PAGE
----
• Editors: David Luy, Matthew Levering, & George Kalantzis
  • Publisher: Lexham Press
  • Publication Date: 2020
  • Pages: 280
  • Format: Logos Digital, Paperback
  • Trim Size: 6x9
  • ISBN: 9781683594345

David J. Luy (PhD, Marquette University) is associate professor of biblical and systematic theology at Trinity Evangelical Divinity School. He is the author of Dominus Mortis: Martin Luther on the Incorruptibility of Christ.

Matthew Levering (PhD, Boston College) is James N. and Mary D. Perry Jr. Chair of Theology at Mundelein Seminary. He is the author of numerous books, including Participatory Biblical Exegesis, Engaging the Doctrine of Creation, and Dying and the Virtues.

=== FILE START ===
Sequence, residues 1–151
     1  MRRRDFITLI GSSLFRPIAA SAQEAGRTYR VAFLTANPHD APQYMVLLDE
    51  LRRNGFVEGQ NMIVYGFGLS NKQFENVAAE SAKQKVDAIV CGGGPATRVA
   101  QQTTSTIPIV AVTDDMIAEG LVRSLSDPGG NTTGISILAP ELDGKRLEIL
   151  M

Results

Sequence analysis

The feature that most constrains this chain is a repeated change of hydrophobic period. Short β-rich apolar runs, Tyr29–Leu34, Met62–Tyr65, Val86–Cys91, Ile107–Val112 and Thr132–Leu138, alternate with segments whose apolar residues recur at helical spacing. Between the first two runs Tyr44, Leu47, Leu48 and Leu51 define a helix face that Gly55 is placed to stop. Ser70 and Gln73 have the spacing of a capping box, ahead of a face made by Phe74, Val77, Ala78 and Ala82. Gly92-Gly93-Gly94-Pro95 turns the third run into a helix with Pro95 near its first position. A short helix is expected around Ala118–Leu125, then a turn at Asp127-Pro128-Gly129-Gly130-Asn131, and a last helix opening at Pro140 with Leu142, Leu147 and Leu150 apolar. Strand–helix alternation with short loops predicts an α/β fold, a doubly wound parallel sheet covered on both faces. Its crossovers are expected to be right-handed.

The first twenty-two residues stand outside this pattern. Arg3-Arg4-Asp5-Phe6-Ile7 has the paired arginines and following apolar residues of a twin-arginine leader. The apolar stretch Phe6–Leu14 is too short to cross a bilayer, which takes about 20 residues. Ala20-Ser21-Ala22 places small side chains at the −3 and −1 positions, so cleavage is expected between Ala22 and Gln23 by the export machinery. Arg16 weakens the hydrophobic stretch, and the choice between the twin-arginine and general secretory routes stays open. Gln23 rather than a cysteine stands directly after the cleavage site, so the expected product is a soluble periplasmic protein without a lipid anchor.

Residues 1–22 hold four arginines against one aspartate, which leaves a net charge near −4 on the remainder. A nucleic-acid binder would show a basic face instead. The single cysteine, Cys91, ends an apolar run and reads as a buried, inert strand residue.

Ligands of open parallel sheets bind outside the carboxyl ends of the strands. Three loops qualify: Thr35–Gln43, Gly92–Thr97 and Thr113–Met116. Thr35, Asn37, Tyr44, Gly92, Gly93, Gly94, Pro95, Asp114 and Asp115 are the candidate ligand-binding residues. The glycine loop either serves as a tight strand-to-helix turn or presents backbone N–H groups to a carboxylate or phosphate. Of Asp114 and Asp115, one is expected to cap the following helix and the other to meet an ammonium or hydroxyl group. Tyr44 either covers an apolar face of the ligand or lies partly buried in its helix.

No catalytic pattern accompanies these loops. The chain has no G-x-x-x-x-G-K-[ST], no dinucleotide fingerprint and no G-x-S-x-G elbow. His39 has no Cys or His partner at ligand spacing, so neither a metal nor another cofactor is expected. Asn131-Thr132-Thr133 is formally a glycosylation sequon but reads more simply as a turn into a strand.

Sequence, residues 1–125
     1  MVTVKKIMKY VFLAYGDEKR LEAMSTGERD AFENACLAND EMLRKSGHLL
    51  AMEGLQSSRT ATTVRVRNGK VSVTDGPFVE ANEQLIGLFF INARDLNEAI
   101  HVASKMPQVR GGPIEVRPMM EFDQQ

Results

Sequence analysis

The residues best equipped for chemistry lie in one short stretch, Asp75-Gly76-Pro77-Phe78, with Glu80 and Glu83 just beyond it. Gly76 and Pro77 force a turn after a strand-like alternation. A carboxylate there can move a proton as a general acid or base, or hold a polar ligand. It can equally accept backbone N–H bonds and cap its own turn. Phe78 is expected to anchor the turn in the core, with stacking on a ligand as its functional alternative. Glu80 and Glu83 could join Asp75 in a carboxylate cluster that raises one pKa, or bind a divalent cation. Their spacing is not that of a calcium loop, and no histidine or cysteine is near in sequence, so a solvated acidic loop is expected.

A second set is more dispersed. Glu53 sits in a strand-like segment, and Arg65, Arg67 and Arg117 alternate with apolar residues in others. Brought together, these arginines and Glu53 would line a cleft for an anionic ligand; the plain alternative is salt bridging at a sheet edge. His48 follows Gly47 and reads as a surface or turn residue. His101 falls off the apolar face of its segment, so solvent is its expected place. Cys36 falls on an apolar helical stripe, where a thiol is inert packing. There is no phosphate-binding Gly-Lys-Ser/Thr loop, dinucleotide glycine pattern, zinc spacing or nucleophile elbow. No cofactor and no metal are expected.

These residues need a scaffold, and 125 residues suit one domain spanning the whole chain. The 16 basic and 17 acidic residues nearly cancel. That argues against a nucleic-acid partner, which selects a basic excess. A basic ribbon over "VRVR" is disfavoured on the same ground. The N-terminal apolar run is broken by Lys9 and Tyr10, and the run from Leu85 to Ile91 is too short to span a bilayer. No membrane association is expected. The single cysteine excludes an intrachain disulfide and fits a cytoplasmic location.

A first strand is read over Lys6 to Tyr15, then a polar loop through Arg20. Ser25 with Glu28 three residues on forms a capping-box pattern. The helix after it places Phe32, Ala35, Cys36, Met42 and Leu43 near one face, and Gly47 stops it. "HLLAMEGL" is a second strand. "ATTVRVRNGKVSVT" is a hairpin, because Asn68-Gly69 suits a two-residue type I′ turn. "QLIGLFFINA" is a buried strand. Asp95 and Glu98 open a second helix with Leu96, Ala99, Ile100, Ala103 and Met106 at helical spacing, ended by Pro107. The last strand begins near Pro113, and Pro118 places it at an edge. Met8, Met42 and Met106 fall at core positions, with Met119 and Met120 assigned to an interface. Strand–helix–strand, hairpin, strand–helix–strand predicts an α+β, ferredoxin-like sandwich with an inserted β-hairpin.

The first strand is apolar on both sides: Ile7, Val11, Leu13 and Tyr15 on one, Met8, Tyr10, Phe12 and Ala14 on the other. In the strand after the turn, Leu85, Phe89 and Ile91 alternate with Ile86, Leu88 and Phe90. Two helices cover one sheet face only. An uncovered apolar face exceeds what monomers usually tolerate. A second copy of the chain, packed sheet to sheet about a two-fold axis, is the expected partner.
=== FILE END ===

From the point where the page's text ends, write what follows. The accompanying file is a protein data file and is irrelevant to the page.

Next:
George Kalantzis (PhD, Northwestern University) is professor of theology at Wheaton College and the director of The Wheaton Center for Early Christian Studies. He is the author of Caesar and the Lamb: Early Christian Attitudes on War and Military Science.


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  1. Robert Trube

    Robert Trube